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History and Concept
Chantment was first proposed in July 2015 by M.T. Farrington and released into the Creative Commons as a way to make the Internet more intelligent and useful, and a way to elaborate on concepts that began with hyperlinking information.
Chantment is more of a blueprint for the future of information (the 7-point "Lucky List") and its potential industrial and social applications than it is an explanation of hypothetical software. In this sense, it could be considered a form of suggestive futurology. It aims to make the Internet more like magic and also more integrated into nature, as opposed to being perceived as a "cyberspace" distinct from meatspace.
The term "chantment" is short for "enchantment" and comes from the way the system is queried. The World Wide Web uses a Web browser to find a Universal Resource Locator address on a remote server. Chantment would also have the capacity to directly summon an AI server which would find the information or document the person needed, regardless of what it was. At first the system would use simplified language (either spoken or text) but as AI advances it would increasingly understand idiomatic and informal speech, building off ideas such as Google's Siri bot.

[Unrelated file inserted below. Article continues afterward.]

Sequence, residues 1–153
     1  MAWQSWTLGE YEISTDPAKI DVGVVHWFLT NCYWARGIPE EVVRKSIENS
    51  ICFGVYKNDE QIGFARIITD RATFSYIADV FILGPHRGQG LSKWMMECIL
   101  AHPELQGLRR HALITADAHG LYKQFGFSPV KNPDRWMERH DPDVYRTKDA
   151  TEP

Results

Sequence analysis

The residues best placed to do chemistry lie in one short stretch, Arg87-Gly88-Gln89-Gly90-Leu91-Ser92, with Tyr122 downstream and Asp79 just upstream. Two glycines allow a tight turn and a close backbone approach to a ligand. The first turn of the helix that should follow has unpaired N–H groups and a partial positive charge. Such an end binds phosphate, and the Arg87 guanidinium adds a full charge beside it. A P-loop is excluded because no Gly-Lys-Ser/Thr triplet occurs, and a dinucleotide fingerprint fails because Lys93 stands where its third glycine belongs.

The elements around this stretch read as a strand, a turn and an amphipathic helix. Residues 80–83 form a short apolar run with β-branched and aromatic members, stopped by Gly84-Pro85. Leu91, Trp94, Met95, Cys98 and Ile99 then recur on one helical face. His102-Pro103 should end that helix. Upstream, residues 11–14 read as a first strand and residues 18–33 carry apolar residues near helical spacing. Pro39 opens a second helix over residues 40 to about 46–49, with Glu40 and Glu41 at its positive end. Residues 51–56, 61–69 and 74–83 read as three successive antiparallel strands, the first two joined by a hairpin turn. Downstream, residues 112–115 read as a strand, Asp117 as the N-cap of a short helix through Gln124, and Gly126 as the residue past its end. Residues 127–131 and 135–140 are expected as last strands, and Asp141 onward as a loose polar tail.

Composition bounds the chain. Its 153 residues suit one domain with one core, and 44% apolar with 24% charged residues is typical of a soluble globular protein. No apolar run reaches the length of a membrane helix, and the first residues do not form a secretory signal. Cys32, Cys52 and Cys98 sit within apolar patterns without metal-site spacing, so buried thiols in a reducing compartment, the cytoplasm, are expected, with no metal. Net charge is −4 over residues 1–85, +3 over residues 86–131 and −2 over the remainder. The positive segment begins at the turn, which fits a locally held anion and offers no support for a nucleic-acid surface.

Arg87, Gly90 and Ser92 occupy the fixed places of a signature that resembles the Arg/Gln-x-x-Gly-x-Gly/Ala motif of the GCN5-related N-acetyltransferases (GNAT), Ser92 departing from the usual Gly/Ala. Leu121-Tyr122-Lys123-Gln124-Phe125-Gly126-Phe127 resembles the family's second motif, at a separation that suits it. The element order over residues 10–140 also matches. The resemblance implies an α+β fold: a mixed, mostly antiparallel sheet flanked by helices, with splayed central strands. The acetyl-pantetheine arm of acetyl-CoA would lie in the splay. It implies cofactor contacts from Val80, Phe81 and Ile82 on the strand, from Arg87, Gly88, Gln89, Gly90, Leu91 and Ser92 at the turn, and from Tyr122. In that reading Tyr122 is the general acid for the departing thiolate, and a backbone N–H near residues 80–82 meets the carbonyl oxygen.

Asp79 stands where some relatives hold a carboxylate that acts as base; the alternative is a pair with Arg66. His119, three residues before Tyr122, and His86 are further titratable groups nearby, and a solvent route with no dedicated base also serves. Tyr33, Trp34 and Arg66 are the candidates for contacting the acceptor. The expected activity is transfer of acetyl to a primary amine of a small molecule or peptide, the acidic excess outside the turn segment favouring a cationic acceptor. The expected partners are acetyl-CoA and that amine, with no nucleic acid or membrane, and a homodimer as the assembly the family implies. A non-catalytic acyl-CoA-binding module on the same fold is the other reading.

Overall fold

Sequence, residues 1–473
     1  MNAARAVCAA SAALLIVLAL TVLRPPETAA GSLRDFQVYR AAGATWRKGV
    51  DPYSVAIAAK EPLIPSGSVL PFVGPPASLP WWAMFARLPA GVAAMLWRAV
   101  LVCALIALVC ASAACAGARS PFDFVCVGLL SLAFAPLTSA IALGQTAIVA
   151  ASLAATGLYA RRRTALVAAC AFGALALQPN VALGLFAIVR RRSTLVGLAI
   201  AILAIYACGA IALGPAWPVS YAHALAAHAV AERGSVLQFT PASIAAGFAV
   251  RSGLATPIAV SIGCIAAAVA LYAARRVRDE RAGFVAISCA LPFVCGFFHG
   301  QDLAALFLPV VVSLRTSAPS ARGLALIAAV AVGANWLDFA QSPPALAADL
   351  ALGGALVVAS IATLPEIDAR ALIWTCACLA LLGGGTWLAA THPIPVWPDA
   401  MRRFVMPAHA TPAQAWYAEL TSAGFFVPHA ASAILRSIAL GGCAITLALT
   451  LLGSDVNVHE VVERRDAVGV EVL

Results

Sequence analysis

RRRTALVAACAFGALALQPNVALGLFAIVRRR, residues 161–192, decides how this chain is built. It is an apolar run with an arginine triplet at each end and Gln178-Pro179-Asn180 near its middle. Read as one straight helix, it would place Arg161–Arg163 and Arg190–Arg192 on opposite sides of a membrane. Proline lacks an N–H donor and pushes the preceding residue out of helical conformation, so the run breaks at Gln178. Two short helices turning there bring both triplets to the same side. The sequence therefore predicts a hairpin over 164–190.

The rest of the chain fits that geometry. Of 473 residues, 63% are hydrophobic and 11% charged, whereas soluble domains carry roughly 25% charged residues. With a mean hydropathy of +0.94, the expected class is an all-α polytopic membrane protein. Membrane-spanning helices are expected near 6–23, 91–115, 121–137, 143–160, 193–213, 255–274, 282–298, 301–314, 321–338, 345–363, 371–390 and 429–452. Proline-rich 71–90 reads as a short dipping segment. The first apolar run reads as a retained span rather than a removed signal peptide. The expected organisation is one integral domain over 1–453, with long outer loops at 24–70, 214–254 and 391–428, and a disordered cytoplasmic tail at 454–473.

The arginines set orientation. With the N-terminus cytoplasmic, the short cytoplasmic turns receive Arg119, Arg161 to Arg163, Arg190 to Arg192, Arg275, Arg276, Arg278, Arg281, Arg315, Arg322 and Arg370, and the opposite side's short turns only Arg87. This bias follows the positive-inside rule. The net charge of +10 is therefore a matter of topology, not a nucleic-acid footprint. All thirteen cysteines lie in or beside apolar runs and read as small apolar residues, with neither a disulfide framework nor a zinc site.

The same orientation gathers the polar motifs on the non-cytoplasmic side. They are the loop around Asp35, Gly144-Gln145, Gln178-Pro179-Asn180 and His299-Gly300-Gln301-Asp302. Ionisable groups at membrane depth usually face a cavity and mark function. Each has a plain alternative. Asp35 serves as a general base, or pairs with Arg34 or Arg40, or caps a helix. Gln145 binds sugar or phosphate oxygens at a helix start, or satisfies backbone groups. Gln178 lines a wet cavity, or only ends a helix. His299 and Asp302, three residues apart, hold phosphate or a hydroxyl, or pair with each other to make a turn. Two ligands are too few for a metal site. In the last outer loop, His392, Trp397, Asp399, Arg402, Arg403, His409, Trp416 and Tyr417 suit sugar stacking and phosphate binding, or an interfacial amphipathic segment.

Physical computing potential
Another feature of Chantment is its focus on physical computing, in particular 3D printing. Chantment protocols would allow an effective means to send blueprint information to replicate physical objects on the client side from a host, expanding the Internet's capacity from being able to send multimedia objects to being able to send any kind of object physical or otherwise with packet switching technology.